Nationalism, which attempts to justify past war atrocities and colonialist rule, is on the rise in Japan. The influence aims to make Japan into a nation which can go to war. Those who are deeply concerned about this grave situation as well as concerned about the history and civics textbooks published for this purpose, by the Society for New History Textbook (Tsukurukai), held “The Asian Solidarity Conference on Textbook Issues in Japan.—No! to the Distorted History Textbook.” on June 10th and 11th 2001, in Tokyo. Included were the total of 250 participants from ROK (South Korea), DPRK (North Korea: due to the refusal of entry into Japan, participated by submitting their papers), China, Taiwan, Philippines, Indonesia, Malaysia and Japan (including Ainu, Okinawa, and Koreans in Japan).
During the two-day conference, valuable testimonies were shared from the stand point of the “comfort women” who were forced to become sex slaves of the Japanese military, survivors of village massacres who experienced unimaginable suffering during the war with Japan, Ainu people, Okinawan and Koreans in Japan. We exchanged our ideas and opinions on how we can take joint action to prevent the adoption of the Tsukurukai textbooks and to establish new visions of history education for the future. We declare that we strengthen solidarity among Asian people in order to achieve these two aims.
The criticism has been on the rise about the Tsukurukai textbook in Japan and more than 300 nationwide meetings on the textbook issue have been held this year. The Korean and Chinese Governments have already made demands to the Japanese Government to make corrections on the Tsukurukai textbook that passed official screening. In addition a member of the Korean Parliament, and former “comfort women” did a sit-in in front of the Diet building to protest against the Japanese Government. And there have been other protests voiced from various countries around Asia. This simply and clearly implies that how dangerous the Tsukurukai textbooks are for people in Asia.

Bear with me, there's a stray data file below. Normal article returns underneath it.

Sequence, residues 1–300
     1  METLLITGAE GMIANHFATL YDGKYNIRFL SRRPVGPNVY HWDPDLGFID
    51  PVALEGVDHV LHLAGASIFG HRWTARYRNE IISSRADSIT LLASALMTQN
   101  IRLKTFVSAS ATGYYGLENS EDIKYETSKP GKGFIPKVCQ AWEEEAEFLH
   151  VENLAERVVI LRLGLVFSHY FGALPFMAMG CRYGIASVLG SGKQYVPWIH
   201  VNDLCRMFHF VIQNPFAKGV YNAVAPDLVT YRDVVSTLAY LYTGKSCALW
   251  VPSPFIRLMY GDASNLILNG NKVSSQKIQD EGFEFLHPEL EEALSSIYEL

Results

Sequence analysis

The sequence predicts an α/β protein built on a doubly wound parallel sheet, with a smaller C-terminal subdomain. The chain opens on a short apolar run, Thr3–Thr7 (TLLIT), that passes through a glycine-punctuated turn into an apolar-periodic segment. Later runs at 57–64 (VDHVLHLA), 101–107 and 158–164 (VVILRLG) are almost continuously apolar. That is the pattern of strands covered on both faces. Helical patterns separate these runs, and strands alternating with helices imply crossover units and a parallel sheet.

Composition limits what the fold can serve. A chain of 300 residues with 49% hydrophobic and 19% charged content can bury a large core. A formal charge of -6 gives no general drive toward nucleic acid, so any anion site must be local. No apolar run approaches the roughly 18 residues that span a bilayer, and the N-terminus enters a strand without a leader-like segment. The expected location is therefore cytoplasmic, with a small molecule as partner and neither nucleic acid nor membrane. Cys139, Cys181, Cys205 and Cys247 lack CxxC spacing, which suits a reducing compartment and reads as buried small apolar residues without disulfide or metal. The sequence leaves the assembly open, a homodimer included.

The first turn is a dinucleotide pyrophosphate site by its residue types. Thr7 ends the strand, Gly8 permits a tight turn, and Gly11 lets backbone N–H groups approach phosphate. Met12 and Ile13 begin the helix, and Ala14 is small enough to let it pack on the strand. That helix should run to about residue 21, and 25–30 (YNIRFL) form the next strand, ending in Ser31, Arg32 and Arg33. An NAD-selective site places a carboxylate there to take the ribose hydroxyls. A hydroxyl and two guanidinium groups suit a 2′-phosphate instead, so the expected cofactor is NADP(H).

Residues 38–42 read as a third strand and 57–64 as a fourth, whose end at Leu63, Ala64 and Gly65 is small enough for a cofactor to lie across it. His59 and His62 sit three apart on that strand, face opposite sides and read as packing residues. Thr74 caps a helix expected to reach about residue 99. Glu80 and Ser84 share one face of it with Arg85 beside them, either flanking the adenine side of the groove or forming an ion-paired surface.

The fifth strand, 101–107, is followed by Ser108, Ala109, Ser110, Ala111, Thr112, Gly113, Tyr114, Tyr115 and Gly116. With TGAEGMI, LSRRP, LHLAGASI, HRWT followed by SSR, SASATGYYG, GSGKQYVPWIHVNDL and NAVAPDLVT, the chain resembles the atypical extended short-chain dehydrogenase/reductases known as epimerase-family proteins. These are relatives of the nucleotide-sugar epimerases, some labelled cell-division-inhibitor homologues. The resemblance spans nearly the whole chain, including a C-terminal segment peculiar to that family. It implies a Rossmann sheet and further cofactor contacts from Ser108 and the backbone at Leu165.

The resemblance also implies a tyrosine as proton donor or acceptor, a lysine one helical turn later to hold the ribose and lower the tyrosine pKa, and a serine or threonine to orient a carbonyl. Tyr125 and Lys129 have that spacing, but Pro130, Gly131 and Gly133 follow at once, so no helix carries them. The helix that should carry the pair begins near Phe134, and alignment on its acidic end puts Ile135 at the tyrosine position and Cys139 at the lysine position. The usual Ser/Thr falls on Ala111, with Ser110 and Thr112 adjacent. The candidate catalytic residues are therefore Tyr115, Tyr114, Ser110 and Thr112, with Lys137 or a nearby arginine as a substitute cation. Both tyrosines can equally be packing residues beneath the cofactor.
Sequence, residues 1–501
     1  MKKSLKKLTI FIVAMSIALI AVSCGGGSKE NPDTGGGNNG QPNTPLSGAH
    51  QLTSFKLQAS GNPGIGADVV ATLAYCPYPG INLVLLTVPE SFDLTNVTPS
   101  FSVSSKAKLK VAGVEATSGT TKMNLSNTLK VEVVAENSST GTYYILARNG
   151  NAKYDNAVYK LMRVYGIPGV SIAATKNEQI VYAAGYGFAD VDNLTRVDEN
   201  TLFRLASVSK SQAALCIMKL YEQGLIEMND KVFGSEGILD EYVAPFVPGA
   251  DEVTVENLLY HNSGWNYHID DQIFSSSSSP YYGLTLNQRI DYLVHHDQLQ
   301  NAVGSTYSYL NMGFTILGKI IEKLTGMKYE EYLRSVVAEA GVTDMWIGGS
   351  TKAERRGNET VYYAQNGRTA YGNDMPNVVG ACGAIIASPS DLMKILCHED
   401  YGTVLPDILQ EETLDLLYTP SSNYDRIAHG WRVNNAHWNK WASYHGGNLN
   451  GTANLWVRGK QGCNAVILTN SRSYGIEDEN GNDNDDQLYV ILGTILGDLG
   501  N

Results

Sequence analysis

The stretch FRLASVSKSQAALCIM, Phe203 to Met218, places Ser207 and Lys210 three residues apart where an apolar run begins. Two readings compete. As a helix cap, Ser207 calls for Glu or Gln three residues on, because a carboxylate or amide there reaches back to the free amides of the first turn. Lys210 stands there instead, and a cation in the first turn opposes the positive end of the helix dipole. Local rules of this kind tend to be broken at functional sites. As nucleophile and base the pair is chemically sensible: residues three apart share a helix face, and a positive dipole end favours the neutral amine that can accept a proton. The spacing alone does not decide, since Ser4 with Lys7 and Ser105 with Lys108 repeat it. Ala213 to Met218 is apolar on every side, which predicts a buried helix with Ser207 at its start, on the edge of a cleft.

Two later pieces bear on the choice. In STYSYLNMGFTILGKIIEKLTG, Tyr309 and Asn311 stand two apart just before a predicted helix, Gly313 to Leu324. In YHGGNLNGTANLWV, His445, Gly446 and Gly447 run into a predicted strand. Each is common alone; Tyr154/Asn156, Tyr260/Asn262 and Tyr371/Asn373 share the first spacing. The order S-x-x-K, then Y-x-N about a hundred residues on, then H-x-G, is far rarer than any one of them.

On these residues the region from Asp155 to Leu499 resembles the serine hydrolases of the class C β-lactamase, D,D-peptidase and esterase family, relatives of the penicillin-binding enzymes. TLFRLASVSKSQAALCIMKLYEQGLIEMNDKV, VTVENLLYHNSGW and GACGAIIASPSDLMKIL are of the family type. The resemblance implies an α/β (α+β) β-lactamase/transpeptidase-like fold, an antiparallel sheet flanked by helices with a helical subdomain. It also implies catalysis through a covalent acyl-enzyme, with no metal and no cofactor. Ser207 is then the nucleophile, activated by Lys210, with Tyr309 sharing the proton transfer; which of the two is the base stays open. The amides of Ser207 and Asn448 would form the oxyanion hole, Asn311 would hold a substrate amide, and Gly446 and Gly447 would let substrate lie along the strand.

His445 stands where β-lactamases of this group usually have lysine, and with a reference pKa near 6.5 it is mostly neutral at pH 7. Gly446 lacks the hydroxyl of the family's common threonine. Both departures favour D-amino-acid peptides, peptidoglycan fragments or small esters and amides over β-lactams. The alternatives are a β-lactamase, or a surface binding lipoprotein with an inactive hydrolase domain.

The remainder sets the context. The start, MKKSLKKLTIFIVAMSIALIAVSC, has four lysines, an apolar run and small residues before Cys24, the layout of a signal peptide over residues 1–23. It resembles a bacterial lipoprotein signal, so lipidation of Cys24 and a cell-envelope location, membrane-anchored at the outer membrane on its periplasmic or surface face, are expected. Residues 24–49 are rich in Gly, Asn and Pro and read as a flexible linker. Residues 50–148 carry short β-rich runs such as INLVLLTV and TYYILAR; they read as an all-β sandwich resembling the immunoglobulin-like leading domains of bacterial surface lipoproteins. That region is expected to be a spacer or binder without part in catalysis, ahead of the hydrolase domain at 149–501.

The first problem with the Tsukurukai history textbook is its attempts to justify Japan’s aggression and invasion as a war of liberation, liberating Asia from Western colonialist rule. It legitimates its own colonialist rule by pointing out that other Asian countries benefited by their rule. Second, it is written by Emperor’s historical view (kokokushikan); instead of pursuing the responsibility of the emperor for the war, it in fact glorifies the emperor. Third, it questions the actuality of the Massacre of Nanjing, and erases from its records any mention of the Japanese military sexual slavery system, which was one of the largest war violence in the 20th century (the Comfort Women System), (the editor stated that writing about the “comfort Women” was like writing about the history of the toilet—adding insult to insult). Fourth, the subject of history is portrayed as the nation-state and the people and minorities are absent and not represented. Fifth, it defends the family system, and emphasizes the “good wife, wise mother” mold of traditional gender role-based division of labor, thereby revealing a discriminatory attitude towards women. In other words, it is a self-race centered, nation state centered, power politics centered, male chauvinistic view of history that pervades its pages.